We’ve been in the equity and debt markets for more than a decade, and throughout we have done a number of roadshows in a bid to educate investors. It is still challenging to overcome because the market is significantly under-researched due to under-exposure; more needs to be done, and it’s an ongoing process among our investor relations division and our senior executives. Disclosure from the government on the performance of the economy is fairly robust, but third-party opinions can go a long way; this is one of the benefits of participating in a IMF – the organisation provides a third-party opinion on the performance of the economy and the government’s fiscal reform efforts.

Georgia has a relatively small capital markets, even when compared with most emerging markets. What do you think needs to happen in order for the market to grow both deeper and broader?

There are a few key pillars here. The first is pension reform – what the government is doing here is very encouraging – will see the creation of employer / employee / government-matched system, and will create new sources of liquidity that could be directed towards the capital markets. The growth of large institutional investors will help increase the size of bids and help increase deal size.

Georgia is starting to emerge as an asset management hub for the region, which could benefit both Georgia and surrounding countries, and has certainly helped improve local liquidity; for your reference, local asset managers actually accounted for the lion’s share of demand for our utility subsidiary’s GEL30mn bond transaction. The country’s banking sector is also very strong, helping it attract deposits from the region – which could also create demand for new assets.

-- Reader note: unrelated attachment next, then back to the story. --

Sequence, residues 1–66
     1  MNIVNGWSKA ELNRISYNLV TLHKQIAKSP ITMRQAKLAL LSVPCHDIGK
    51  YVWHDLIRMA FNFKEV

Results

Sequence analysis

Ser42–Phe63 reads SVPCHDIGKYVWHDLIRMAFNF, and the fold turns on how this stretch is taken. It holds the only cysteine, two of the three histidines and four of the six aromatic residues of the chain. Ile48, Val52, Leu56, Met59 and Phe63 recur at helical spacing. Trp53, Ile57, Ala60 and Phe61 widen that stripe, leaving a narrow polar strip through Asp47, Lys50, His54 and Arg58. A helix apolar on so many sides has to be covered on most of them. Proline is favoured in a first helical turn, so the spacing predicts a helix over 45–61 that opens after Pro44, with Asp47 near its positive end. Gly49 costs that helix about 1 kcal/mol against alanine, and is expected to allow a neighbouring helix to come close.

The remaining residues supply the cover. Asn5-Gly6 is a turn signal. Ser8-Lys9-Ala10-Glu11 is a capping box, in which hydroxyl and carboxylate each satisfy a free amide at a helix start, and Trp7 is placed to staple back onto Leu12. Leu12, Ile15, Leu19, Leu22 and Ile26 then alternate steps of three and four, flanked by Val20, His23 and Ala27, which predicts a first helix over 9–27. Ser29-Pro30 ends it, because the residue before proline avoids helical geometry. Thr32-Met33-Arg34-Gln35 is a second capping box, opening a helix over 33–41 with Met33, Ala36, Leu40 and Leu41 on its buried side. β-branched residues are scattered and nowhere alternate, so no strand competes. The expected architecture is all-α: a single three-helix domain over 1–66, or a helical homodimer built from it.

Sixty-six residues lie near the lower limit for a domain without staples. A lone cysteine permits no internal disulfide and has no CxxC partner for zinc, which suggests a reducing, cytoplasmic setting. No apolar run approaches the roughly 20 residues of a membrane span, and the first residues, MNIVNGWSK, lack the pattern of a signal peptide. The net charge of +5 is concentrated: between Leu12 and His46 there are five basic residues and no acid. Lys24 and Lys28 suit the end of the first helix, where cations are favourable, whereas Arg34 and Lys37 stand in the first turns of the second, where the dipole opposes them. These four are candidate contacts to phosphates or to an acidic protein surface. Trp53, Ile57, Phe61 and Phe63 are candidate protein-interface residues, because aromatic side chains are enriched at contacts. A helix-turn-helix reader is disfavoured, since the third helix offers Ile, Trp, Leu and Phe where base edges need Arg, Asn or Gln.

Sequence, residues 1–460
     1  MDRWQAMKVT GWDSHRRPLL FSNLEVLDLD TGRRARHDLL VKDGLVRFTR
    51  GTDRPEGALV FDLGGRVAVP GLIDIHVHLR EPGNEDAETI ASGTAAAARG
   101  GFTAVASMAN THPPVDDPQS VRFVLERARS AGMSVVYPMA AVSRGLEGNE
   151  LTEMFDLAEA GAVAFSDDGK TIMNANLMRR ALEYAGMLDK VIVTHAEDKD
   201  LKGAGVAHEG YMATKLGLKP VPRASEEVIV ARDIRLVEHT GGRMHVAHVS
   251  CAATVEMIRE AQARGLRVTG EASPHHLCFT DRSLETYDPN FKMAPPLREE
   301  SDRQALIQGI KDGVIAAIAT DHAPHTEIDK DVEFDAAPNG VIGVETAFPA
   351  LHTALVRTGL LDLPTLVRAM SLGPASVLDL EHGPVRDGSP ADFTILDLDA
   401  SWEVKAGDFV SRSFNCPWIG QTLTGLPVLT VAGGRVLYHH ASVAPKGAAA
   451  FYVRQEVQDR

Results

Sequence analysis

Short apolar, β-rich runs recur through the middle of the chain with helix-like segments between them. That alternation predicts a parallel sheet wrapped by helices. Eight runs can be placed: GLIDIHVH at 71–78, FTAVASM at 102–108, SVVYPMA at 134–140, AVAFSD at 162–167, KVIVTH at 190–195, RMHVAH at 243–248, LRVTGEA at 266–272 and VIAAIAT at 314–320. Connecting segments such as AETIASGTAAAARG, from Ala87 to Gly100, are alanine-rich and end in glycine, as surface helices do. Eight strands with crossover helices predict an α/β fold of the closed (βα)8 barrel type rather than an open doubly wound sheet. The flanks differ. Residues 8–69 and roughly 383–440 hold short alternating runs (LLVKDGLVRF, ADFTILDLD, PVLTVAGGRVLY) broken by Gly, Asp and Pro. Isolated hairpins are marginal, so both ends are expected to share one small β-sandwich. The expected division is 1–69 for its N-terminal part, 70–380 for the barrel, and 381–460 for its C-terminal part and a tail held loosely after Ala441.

BGEO Group has worked with a number of multilateral development banks to enhance its credit and adopt best practice. If you look back 5-10 years and compare that with the current environment for local currency funding, do you get the sense there are a broader range of stakeholders able to step in to provide enhancements on transactions – and make local currency more attractive?

There has been considerable progress made over the past decade, but looking at developing the capital markets specifically, if we work to get more international financial institutions to come into deals at an earlier stage and enhance the credit or help with structuring, it could help attract institutional investors that may not have considered those transactions to begin with – especially when it comes to local currency funding. This would help local corporates print bigger and better deals, and widen the investment pool – and it’s an important area where IFIs can play.

Georgia is unique in terms of the performance of the local currency. Looking at the past decade, even if you consider the recent oil price crash-related devaluation, the local currency is still outperforming the US dollar in real terms – and average productivity in the country is starting from such a low base that over the next decade, it is hard to imagine a scenario where this doesn’t continue. One of the reasons why we managed to place our own lari bond is because investors are keenly aware of this trend. We have 35% of the population producing 9% of GDP – largely agriculture products – so there is a significant opportunity for outperformance of the dollar, which bodes well for attracting foreign investors.